Trump Is No Closer to Solving America’s Iran Problem
The president declared victory today, but he still hasn’t laid out how he intends to keep Iran from gaining nuclear weapons.
President Donald Trump’s first formal remarks since the targeted killing of Iranian General Qassem Soleimani underscored the strange reality of the moment’s crisis: After a chaotic and often terrifying week, it’s not clear that anything has changed.
“As long as I’m president of the United States, Iran will never be allowed to have a nuclear weapon,” Trump said today before he’d even offered a “good morning” to an audience at the White House. But he didn’t offer a plan for how he would keep that promise.
“Iran appears to be standing down, which is a good thing for all parties concerned and a very good thing for the world,” the president also said. It is a good thing, and dire predictions of a massive regional war seem (so far) to have been baseless. But Soleimani’s death leaves the same stalemate that preceded it.
Removing Soleimani didn’t address the central problem: Trump wants to rein in Iran, but he doesn’t want to fight a hot war to achieve that objective, and he also doesn’t want to negotiate a new nuclear deal that involves significant American concessions.
In a disturbing spectacle of the type that is characteristic of the Trump administration, Trump used the top generals in the Army and Marines, positioned behind him, as props for a political broadside. The president lambasted his predecessor, Barack Obama, for signing a “foolish” deal with Iran in 2015. Trump placed special emphasis on money that the U.S. released to Iran as part of the agreement, which limited Iran’s ability to enrich uranium.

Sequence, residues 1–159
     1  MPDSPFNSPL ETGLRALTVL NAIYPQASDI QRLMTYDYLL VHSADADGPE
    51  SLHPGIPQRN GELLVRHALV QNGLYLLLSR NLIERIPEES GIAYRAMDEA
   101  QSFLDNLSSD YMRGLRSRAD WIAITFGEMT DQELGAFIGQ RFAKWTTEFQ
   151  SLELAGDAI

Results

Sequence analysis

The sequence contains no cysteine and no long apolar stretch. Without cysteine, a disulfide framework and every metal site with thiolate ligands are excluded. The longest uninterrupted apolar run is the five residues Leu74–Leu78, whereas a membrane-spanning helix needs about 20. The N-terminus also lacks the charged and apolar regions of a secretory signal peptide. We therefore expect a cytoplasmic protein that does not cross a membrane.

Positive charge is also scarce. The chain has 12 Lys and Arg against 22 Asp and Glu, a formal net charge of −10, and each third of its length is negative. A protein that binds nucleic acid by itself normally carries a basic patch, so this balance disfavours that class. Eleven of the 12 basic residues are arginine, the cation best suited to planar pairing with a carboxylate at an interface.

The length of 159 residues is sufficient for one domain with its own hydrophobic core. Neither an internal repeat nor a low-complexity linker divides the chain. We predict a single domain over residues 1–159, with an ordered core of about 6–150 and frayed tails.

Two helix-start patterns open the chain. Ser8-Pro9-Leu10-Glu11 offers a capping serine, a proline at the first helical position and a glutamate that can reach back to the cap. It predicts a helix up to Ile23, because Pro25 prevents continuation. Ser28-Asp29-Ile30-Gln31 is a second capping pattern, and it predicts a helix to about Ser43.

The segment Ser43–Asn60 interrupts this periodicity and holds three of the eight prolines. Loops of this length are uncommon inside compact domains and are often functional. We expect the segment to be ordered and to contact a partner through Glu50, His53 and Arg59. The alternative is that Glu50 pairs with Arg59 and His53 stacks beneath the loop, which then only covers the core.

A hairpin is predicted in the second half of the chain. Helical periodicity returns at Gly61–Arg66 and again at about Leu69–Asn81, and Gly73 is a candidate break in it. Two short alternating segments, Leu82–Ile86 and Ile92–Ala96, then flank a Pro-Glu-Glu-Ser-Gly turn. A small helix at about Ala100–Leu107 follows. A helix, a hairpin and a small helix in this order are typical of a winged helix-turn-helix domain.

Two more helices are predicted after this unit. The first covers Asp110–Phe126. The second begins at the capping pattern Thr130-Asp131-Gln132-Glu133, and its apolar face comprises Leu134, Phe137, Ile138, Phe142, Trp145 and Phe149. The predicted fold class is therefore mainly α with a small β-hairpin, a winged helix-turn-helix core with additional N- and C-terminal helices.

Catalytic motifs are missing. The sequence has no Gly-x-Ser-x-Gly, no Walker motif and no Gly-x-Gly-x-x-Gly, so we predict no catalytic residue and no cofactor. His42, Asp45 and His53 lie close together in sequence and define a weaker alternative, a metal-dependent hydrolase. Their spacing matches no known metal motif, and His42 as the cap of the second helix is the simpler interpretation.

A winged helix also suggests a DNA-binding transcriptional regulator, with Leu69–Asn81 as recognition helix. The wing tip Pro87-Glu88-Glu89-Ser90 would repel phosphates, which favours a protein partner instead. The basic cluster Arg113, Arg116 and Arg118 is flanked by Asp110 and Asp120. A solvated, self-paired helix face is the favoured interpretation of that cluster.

Since the U.S. pulled out of the deal (known as the Joint Comprehensive Plan of Action) in 2018, despite certifying that Iran was in compliance with its terms, the United States’ European allies, China, and Russia have sought to keep the agreement on life support. Trump today called on them to pull the plug.
“The time has come for the United Kingdom, Germany, France, Russia, and China to recognize this reality,” he said. “They must now break away from the remnants of the Iran deal, or JCPOA, and we must all work together toward making a deal with Iran that makes the world a safer and more peaceful place.”
As Trump knows, a deal typically involves something for both sides; otherwise it’s merely a surrender. It isn’t clear what benefits to Iran Trump would tolerate, though he said that “we must also make a deal that allows Iran to thrive and prosper and take advantage of its enormous untapped potential.”
But the combination of American withdrawal from the Iran deal, Soleimani’s killing, and new economic sanctions that Trump announced in his speech make the prospect of good-faith negotiations less, rather than more, likely. Although Soleimani’s loss is bad for Tehran and sanctions will hurt, Iran is already reeling from existing sanctions, and returns are diminishing.
Nor, despite Soleimani’s death and the so-far-muted retaliation against the U.S., is there any indication that Iran will pull back from its regional operations in Yemen, Syria, Lebanon, and Afghanistan, which Trump demanded today that it stop.
“By removing Soleimani, we have sent a powerful message to terrorists,” Trump said. “If you value your own life, you will not threaten the lives of our people.” Perhaps this is true, but perhaps it also misunderstands the psychology of American opponents. Soleimani spoke wistfully of someday being martyred, and Supreme Leader Ali Khamenei said in March that he hoped Soleimani would one day die a martyr, while adding, “Of course, not anytime soon.”
Trump has made a habit of provoking near-crises, accepting the status quo ante, and then declaring victory—a sequence that occurred in negotiations with North Korea and in trade talks with China. Now we can add tensions with Iran to that list.